|Col. Jeff C. Davis later Brig. Gen. as in this Photo|
|Major General Sterling Price|
CAPTURED THE ENEMY'S PICKETS
at Chilhowee, and learned that he was encamped in considerable strength about six miles north of the town. After resting horses and men for a couple of hours, I threw forward 10 companies of cavalry and a section of artillery under Lieut-Col. Brown, of Missouri, to assault the camp, and followed with my whole force, posting the main body between "Warrensburg and Rose Hill, to support his movement I at the same time reinforced Maj. Hubbard on the direct road to Osceola with several companies of Merrill's regiment of cavalry, and directed him, in order to cover our flank in the movement on Chilhowee, to push vigorously as far as he was able to the enemy's lines north of the Osage at Osceola. He executed these orders with great vigor and skill, driving back and capturing the enemy's pickets and one entire company of his cavalry, with its tents, baggage and wagons. The forces encamped at Chilhowee received hurried notice of Brown's advance and broke up in a panic, scattering in every direction, in parties great and small Brown followed in pursuit all night of the 16th and all day of the 17th, and about midnight reached Johnstown. The enemy scattered in every direction, and as they themselves and their two-horse wagons belonged to the country, the troops could not identify those living quietly at their homes and those en route to Price's army. "When the pursuit reached Johnstown, about midnight, the enemy had
COMPLETELY MELTED AWAY.
The main body of our troops moved slowly north in the direction of "Warrensburg, waiting for Brown to return. He scoured the whole country within reach of Johnstown, and brought in 150 prisoners and 16 wagons loaded with tents and supplies. Next morning, the 18th, Col. Brown rejoined the main body. As I knew that the force he had dispersed was not the party he intended to intercept, which must still be north of us, I moved slowly toward 'Warrensburg, and when near that place the spies and scouts I had sent toward Lexington and Arrow Rock before leaving Sedalia returned and informed me that the large force we had expected was then on the march from those places, and would probably encamp that night at the mouth of Clear Creek, just south of Milford. I at once posted the main body of my command between Warrensburg and Knob Noster to close all outlet to the south between those two points, and instructed Col. Jeff C. Davis, with Seven companies of cavalry afterward reinforced by another company of cavalry and a section of artillery, to march rapidly on the town of Milford, so as to be in position to intercept the enemy's retreat toward the northeast, whilst Merrill's regiment of cavalry was to march also on Milford, approaching it from the northwest. The main body of my command was four miles south of Milford, and ready to prevent escape in that direction. At a late hour in the afternoon Col. Davis came up with the enemy encamped on the west side of the Blackwater opposite the mouth of Clear Creek. The Blackwater was deep and miry, and could only be crossed by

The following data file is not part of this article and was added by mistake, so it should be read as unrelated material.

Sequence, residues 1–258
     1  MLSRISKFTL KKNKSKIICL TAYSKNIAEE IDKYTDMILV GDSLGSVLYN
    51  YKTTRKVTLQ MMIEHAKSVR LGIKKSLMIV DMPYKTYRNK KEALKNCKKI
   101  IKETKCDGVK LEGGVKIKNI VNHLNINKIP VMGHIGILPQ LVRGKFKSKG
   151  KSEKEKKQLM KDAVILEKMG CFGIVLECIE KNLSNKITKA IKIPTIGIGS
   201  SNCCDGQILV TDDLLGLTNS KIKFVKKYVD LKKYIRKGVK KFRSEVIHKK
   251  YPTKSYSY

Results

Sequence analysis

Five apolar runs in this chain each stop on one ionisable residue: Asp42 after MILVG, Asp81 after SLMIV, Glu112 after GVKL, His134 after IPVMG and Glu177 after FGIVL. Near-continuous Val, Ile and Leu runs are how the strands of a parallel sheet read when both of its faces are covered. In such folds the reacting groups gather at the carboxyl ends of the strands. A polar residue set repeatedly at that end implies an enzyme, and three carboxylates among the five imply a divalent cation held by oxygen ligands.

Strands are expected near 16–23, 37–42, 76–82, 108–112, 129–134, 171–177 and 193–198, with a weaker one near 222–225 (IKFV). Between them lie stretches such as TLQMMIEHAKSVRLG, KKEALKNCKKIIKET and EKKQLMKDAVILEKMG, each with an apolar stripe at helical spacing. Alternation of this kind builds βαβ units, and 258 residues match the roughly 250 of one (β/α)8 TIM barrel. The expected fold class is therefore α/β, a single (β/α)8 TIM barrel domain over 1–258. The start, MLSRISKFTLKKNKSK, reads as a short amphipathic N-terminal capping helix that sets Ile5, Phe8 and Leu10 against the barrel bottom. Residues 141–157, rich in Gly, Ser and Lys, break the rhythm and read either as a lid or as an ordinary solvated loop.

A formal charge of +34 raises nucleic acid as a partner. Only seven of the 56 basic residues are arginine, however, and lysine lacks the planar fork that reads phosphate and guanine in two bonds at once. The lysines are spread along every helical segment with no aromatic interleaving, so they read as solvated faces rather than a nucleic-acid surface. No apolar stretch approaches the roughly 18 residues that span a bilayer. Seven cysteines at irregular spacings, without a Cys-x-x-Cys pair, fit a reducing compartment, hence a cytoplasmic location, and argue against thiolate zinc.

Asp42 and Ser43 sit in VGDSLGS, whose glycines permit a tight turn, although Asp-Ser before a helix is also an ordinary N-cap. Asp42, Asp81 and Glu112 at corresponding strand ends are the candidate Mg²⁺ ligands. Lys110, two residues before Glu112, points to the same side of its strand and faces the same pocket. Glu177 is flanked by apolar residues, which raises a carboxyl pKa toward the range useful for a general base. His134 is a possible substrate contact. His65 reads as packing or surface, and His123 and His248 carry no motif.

A LONG, NARROW BRIDGE,
which was guarded by the enemy in force. The troops under Col. Davis, led by two companies of the 4th U. S. Cav., commanded by Lieuts. Gordon and Amory, charged the bridge and carried it in handsome style, with the loss of one killed and eight wounded. They followed up the enemy with such force and vigor that, finding himself pressed in front and cut off from retreat in every direction, he surrendered at discretion. It was the first taste of real fighting that most of the troops had had, and too much cannot be said of their gallant conduct The enemy's force, as reported by its commander, consisted of three companies of cavalry and parts of two regiments of infantry, numbering in all 1,300 men. There were three Colonels, one Lieutenant-Colonel, one Major and 51 company officers. Five hundred horses and mules, 73 wagons loaded with powder, lead and other military stores, fell into our hands, as also a thousand stands of arms.
A number of the most influential, and therefore the most dangerous, Southern men in the State were captured with this party, and the effect of the expedition was extremely useful all over the State. "Within five days the infantry marched fully 100 miles and the cavalry nearly double that distance, and they swept the whole country south of Lexington as far as the Osage clear of all parties of the enemy. They captured nearly 1,500 prisoners a number of them the most important personages in the State from the Southern point of view; 1,200 stands of arms, and nearly 100 wagons loaded with supplies.